A “new Europe” film — and a very fine one — in that the characters bridge Turkey and Germany, which have grown culturally, emotionally, and sexually intertwined since the mass East-to-West immigration of the 1960s. German-born Turkish actor-director Fatih Akin transforms six people (two Germans, four Turks) into cultural billiards, reckoning with dilemmas that collapse class, status and nation.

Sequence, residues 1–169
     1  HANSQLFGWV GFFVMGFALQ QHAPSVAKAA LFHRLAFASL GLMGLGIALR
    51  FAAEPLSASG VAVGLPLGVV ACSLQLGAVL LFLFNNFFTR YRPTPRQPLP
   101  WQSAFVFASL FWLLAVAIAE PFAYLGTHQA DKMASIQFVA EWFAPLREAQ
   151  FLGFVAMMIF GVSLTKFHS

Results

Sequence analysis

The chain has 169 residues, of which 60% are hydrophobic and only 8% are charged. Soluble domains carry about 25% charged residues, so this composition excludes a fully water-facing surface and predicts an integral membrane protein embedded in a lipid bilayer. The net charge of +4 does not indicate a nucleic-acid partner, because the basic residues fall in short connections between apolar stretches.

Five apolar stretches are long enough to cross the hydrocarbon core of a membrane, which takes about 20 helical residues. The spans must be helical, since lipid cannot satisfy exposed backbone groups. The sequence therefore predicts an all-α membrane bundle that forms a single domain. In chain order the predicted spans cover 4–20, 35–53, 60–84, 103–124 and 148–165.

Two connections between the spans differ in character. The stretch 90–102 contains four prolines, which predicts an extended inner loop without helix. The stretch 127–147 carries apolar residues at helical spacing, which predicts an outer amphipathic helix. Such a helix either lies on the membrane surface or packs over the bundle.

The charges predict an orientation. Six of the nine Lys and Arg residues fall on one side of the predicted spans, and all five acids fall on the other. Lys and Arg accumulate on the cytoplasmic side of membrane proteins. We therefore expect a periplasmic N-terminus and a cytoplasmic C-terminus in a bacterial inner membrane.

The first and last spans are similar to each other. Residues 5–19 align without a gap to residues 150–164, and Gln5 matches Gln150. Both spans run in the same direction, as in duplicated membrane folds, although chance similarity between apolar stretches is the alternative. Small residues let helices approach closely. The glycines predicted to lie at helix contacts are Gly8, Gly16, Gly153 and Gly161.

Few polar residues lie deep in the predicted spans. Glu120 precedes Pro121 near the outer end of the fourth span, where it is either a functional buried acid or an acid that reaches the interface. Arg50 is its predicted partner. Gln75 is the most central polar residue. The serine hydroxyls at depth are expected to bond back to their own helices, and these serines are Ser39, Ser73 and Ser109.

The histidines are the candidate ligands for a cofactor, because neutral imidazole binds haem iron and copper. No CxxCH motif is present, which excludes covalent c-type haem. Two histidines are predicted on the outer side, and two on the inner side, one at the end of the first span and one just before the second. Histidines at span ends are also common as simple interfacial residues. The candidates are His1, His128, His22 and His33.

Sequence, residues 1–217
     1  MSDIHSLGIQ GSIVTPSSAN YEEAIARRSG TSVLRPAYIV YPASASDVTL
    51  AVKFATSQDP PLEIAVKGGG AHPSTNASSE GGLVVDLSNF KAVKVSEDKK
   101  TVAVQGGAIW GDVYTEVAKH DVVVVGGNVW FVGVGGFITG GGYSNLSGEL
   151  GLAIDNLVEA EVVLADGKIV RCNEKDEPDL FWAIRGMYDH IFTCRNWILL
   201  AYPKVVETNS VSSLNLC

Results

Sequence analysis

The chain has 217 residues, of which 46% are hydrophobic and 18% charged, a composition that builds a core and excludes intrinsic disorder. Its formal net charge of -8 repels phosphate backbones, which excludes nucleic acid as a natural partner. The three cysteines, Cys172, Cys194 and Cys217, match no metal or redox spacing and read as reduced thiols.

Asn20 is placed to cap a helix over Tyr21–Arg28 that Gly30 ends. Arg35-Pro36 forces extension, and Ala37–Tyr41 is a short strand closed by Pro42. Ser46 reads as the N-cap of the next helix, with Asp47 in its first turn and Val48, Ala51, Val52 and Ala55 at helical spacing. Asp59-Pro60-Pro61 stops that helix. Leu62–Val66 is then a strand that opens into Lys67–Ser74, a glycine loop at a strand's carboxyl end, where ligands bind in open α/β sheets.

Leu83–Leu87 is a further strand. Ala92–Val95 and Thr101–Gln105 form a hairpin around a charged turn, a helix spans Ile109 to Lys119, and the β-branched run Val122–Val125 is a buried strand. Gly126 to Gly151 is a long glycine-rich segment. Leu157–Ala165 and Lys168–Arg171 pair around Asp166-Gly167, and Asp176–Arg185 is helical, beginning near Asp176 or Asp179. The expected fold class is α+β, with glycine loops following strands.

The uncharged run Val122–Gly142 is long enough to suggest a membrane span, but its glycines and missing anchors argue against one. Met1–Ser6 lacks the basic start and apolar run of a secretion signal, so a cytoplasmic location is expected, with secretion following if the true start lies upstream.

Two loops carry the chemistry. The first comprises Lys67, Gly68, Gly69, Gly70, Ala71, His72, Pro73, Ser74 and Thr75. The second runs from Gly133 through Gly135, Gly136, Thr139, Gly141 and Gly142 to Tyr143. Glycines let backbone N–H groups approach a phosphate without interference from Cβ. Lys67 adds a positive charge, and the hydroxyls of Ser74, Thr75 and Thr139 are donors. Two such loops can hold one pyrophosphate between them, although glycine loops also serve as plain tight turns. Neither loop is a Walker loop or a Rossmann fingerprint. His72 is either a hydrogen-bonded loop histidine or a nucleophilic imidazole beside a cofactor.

Akin is keen to make movies that do away with nationalism when it comes to the hard life; heaven’s edge this is not. Instead, it is a running chronicle of cultural complication (the film’s springboard is the decision by a Turkish-German professor to have Turkish prostitute move in with him). The wheel-within-a-wheel lesbian relationship, between the daughter of the prostitute and the daughter of a 1960s radical brings the power of Hannah Schygulla (as the former radical) to the forefront. She was Werner Fassbinder’s diva and age has only ripened her sumptuous talent. Won best screenplay at the 2007 Cannes festival.